Henry Purcell holds a special place in the hearts of
Englishmen. The reasons for this can be summed up quite
simply. His music is ravishing, full of expressive
dissonances, and with an unparalleled manner of setting
text. Before his untimely death, at age 26, likely of
tuberculosis, he had risen to be organist at
Westminster Abbey and the Chapel Royale, penned the
first English opera, Dido and Aeneas, and composed
music for the coronation of James II and the funeral of
Queen Mary II. After his death, England would not have
another composer of similar stature until the twentieth
century. Purcell is buried next to the organ at
London's Westminster Abbey.
"An Evening Hymn" is the opening work of Henry
Playford's 1688 collection Harmonia Sacra and is set to
words by "Dr. William Fuller, late Lord-Bishop of
Lincoln" as published in Nahum Tate's collection of
moralizing poems for children Miscellanea Sacra. It's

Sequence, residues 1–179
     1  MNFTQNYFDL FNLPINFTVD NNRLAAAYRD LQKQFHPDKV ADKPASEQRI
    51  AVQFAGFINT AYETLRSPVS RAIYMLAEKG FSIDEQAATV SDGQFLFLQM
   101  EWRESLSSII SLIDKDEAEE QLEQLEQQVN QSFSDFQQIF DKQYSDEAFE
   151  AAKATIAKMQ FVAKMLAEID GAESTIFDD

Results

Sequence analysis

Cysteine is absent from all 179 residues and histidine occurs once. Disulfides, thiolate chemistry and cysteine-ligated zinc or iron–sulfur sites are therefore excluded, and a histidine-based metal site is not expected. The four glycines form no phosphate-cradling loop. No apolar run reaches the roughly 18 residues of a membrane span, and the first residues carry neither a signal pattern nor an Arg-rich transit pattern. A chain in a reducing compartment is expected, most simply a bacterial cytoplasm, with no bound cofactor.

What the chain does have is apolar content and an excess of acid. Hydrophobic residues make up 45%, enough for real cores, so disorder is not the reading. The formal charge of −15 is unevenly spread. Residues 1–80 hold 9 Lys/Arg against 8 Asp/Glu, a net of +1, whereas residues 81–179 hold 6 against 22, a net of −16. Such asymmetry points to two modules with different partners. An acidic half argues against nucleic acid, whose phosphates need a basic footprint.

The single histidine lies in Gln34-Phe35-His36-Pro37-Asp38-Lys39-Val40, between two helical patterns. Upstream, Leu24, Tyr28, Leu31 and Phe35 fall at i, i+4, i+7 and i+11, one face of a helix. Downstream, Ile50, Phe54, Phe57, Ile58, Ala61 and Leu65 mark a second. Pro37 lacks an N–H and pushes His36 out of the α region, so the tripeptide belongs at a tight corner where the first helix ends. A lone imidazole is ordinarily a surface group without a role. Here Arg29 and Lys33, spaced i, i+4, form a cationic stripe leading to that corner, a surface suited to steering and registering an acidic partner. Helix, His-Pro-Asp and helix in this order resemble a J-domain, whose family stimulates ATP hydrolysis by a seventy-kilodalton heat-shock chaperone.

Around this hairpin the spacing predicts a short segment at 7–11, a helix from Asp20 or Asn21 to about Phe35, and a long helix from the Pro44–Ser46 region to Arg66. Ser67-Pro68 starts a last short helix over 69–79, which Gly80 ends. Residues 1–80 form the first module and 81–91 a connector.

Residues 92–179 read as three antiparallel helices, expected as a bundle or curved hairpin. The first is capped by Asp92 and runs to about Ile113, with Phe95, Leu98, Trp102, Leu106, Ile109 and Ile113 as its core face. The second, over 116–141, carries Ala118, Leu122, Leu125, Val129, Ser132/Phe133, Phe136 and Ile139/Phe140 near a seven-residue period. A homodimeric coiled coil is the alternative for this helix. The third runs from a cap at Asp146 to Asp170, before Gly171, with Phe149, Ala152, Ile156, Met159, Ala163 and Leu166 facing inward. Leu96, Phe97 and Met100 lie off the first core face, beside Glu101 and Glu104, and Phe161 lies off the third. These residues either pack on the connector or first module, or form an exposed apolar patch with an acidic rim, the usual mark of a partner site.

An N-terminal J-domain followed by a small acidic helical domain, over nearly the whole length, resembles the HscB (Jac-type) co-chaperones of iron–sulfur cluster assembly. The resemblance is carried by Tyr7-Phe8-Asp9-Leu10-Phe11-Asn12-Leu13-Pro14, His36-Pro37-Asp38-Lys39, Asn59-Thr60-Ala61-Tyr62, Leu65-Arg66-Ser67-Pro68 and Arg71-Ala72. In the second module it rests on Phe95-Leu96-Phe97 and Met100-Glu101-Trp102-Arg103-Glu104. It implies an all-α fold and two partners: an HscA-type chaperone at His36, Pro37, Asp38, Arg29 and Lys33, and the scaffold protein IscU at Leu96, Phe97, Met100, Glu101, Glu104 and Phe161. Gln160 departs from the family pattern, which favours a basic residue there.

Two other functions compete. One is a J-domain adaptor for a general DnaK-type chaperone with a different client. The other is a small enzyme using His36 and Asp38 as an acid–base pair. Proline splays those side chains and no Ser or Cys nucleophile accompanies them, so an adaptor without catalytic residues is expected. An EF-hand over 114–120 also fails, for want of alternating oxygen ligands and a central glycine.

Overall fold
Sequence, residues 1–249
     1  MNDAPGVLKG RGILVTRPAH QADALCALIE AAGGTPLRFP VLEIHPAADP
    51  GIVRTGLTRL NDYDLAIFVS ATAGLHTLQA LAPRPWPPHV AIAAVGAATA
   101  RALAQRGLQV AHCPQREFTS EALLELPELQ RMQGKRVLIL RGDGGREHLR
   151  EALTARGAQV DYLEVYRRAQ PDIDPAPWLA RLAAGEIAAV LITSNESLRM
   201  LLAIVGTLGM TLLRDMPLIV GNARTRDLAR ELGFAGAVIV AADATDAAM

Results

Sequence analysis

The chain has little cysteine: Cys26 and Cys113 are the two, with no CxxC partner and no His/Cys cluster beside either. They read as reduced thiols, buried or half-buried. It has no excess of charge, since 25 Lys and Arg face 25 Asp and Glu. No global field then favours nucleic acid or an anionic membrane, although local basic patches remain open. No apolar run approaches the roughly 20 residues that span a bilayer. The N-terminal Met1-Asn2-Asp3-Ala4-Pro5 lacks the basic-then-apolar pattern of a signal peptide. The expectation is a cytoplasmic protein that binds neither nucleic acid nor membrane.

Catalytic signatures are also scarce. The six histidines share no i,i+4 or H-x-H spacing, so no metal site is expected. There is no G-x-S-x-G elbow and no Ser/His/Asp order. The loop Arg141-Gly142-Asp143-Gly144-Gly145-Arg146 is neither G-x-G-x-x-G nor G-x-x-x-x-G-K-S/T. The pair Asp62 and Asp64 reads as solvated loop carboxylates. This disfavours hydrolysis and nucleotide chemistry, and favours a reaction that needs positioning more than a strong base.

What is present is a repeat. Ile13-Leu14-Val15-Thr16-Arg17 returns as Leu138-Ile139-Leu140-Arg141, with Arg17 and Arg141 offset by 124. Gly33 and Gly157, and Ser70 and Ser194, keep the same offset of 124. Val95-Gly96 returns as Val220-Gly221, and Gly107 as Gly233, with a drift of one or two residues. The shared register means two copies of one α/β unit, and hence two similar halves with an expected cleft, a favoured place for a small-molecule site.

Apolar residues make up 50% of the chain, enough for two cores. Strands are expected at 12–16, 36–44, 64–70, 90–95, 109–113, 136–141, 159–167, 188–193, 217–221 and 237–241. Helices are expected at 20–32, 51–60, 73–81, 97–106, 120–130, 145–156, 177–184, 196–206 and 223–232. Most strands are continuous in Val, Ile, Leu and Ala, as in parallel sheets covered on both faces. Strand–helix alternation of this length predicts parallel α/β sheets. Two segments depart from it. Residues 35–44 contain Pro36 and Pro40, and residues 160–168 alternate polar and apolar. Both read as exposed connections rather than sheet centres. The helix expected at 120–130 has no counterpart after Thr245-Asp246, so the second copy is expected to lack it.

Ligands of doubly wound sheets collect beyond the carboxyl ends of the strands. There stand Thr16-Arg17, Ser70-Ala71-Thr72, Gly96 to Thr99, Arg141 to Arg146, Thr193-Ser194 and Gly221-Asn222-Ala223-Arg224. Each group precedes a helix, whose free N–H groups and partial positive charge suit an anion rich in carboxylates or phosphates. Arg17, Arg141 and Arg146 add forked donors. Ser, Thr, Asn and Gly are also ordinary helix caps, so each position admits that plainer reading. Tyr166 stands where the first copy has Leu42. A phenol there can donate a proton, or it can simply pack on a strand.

hard to conceive of what sort of context this
composition was performed; it certainly wasn't intended
for liturgical performance and perhaps not even public
performance. If there was any sort of public
performance it may have been for small private
gatherings or simple domestic devotional services.
Throughout the song, Purcell uses a repeating five
measure figure known as a ground bass. It can be heard
in its entirety at the very beginning of the song. Atop
that he writes a melody that sometimes matches the
five-measure phrase of the bass an other times doesn't
- it is this tension that propels the work forward and
makes it continuously interesting. In performance a
continuo group would improvise an accompaniment based
on this bassline.
The ground bass itself is an elaboration of a
descending four-note figure, a figure that some feel is
emblematic of lament owing to its appearance in many
laments, among them Purcell's famous aria "Dido's
Lament" from Dido and Aeneas.
It is also an example of a ciaccona or chaconne, a
composition built on repeating descending bassline in a
triple meter. Originaly the was used for upbeat music,
but by the mid-17th century had come to be reserved for
stately, elegiac music.
Although originally written for Chorus, I adapted this
piece for Oboe and Concert (Pedal) Harp.